The only such "excessive celebration" off the football field that I ever participated in was the unprecedented — some said sinful — ovation many years ago at the War Memorial in the middle of Lohengrin in response to Leonie Rysanek's Ortrud. All in all, ovations are best kept to the end.
There is a fascinating, unprecedented dialogue taking place on the Internet about the Metropolitan Opera's current controversial production of Verdi's Attila. Joining scathing reports on the opera's stage production is a prominent member of the Attila cast itself, bass Samuel Ramey — the Pope in these performances, singing the title role in numerous past productions, including the one in San Francisco in 1991.
There was uniform praise for the musical performance, under the baton of Riccardo Muti, but critics such as Martin Bernheimer savaged the production: "The principals voiced their blood-and-gutsy anxieties while perched precariously atop faux-rubble sculptures, or worse, while peeking like figures in pop-up books through round holes in magic-garden façades." It was the Dallas Morning News' Scott Cantrell and his "... pile of concrete slabs and rebar that looked like the aftermath of an earthquake ... [the chorus looked like] half-buried Qin Dynasty warriors ... Prada costumes made much of crinkly dark crepe and what looked like Naugahyde" that prompted Ramey to post a message on the newspaper's Web site:
It is unfortunate that for the Met's first production of Attila they could not do a more "conventional" production. The sets and the costumes had nothing to do with the period of the opera or the characters.He also wrote:
I know from having been at rehearsals that the director gave the singers nothing and the set prevented them from doing anything dramatically. The production is a fiasco! Samuel Ramey (I was the Pope).
I should add that musically it was incredible. Muti truly loves the early Verdi operas and, especially, Attila. I know from experience as I recorded the opera with him and performed it with him at La Scala almost 20 years ago (the title part).There were many responses, some questioning if it was Ramey posting the message (it was), others crying foul about the propriety of a cast member joining the critics. To a clever challenge:
Hey, "Sam": one night when you were singing the title role in Attila at the New York City Opera back in the '80s, the baritone singing Ezio (a fine singer, btw) cracked a note rather badly, and could be heard by the audience vocalizing backstage during the next scene. Who was that unfortunate baritone (who was forgiven by us, the audience, much more readily than he forgave himself)? Name, please?Ramey replied:
Dear Box Five, I'm not sure who the baritone might have been. The first time we did it at City Opera the baritone was Richard Fredericks. That was in 1981 I think. The next time was in summer of 1985 and the baritone was Fred Burchinal. Those are the ones I remember.Wouldn't opera be even more fun if there were more exchanges like this?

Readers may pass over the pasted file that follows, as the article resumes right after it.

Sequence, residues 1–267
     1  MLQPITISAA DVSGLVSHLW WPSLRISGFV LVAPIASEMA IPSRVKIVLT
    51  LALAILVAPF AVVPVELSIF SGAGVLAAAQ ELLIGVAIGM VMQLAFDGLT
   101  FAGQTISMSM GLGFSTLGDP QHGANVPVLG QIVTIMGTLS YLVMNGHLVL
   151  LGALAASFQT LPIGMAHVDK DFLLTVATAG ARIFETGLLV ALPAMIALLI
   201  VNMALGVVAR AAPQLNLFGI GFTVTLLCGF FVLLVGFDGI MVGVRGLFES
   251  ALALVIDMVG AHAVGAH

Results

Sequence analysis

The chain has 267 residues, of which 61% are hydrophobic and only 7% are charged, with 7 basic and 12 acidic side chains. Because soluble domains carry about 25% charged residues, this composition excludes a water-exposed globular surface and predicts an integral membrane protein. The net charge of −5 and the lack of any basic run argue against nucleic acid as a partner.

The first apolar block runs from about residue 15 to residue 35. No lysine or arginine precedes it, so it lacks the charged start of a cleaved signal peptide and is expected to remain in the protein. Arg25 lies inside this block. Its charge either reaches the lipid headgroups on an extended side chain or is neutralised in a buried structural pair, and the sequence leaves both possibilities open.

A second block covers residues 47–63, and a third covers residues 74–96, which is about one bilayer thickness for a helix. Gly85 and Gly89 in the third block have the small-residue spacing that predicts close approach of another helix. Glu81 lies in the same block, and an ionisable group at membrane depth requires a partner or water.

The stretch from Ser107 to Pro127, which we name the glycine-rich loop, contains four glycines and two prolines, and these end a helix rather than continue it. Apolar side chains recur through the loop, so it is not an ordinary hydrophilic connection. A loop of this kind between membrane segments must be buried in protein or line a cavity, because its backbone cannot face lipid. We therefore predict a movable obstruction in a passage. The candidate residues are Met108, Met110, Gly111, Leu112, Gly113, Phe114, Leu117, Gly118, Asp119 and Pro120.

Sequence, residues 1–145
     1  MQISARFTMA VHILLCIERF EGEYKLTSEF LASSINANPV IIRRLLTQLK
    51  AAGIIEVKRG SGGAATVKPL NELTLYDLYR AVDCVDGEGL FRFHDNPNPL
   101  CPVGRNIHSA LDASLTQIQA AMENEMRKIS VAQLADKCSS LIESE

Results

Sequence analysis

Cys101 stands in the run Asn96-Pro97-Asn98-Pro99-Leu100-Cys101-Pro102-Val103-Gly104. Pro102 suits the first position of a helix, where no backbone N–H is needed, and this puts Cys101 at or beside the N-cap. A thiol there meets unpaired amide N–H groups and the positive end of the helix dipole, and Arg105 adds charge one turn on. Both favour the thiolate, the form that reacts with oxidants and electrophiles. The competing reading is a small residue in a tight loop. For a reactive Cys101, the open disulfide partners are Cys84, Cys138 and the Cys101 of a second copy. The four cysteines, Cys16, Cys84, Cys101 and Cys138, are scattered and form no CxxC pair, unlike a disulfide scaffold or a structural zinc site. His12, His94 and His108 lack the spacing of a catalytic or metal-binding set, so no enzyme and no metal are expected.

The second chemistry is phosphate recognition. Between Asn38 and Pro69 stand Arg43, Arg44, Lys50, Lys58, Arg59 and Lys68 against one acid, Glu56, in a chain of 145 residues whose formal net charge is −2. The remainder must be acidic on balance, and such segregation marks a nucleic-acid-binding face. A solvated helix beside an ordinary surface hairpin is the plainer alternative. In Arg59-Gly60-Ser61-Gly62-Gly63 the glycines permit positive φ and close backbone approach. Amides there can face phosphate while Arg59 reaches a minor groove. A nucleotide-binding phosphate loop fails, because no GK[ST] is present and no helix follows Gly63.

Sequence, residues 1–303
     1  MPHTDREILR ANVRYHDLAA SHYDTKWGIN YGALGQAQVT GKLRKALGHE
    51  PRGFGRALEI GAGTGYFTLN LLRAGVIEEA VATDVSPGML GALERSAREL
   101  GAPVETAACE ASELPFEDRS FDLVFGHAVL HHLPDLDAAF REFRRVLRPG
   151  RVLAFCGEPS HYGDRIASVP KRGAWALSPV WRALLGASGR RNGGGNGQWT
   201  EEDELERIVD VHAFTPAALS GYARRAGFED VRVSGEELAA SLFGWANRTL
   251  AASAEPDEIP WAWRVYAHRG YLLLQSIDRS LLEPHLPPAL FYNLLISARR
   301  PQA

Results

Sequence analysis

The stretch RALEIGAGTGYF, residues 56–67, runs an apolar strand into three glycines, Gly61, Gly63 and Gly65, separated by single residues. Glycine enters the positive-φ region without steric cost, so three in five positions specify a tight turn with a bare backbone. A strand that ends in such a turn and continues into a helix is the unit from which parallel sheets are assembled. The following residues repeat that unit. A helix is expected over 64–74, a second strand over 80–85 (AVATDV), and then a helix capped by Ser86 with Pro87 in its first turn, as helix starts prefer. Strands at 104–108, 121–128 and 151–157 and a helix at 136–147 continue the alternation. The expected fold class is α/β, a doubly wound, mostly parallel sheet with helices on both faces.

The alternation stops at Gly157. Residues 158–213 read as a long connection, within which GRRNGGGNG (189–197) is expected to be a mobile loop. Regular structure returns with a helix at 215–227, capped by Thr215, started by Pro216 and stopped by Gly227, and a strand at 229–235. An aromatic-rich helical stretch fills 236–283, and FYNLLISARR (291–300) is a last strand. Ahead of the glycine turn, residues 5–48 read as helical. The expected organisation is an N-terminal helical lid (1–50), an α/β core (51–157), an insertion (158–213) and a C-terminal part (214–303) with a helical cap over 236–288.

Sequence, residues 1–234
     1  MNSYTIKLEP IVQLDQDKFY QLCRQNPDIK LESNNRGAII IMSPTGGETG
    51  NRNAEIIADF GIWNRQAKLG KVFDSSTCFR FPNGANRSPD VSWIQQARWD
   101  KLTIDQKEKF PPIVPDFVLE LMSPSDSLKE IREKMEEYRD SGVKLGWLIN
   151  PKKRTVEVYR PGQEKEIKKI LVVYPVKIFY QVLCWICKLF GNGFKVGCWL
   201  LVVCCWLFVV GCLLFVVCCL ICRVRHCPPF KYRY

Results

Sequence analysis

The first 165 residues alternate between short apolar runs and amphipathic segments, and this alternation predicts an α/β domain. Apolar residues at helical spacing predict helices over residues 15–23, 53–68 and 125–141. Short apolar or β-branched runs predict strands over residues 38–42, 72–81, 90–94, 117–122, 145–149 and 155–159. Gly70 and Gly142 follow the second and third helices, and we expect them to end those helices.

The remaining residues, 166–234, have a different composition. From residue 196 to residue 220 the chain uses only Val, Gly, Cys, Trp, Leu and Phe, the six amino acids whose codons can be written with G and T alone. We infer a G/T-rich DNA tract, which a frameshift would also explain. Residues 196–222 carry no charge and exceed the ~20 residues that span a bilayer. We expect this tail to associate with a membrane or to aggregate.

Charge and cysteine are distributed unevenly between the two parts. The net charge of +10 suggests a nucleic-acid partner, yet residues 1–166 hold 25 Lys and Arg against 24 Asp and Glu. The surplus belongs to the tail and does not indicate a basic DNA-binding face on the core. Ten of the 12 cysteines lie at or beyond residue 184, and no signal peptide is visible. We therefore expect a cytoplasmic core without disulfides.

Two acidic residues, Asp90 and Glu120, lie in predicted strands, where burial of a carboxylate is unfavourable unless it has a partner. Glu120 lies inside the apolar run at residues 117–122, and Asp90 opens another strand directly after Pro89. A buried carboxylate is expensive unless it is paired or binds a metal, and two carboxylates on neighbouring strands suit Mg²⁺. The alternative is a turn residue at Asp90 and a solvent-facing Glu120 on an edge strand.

Had no idea my comments would result in such a discussion. I was only defending my fellow cast members. Sorry about the wobble (I prefer "slow vibrato"), but I am old. This is my last season at the Met, so what do I have to lose.
Lera Auerbach, composer of the San Francisco Ballet's upcoming U.S. premiere of The Little Mermaid, is known around here for her chamber pieces, performed at the San Francisco Performances debut of Israel's Aviv String Quartet last year, and elsewhere.
She worked before with Mermaid choreographer John Neumeier, the American-born veteran Hamburg company director, whose Yondering for student dancers was a sensation of the S.F. Ballet's 75th anniversary celebration. The full-length story ballet about Hans Christian Andersen's heroine is very, very different from its Disney image. "The idea of the story is so much deeper, so much stronger, so much more true to our human possibilities, nature and situation than is presented in this happy, fairytale world of Disney," Neumeier says.
He is using Japanese Noh and Kabuki techniques in Mermaid, with the "idea of a ballet as an 'Odyssey' — having to do with fantastic, other-earthly worlds." The Japanese hakama — traditional costume with very long legs — make it possible to feature a dancer supposedly without legs.
At 36, Auerbach is one of the most widely performed composers and also a famed author. Born in Chelyabinsk, in
the Urals bordering Siberia, Auerbach left the Soviet Union in 1991, and earned her degrees in piano and composition from the Juilliard School. She went on to study in Germany, and for the past decade, her compositions have been commissioned and performed orchestras, opera and ballet companies there, in the U.S., and Asia.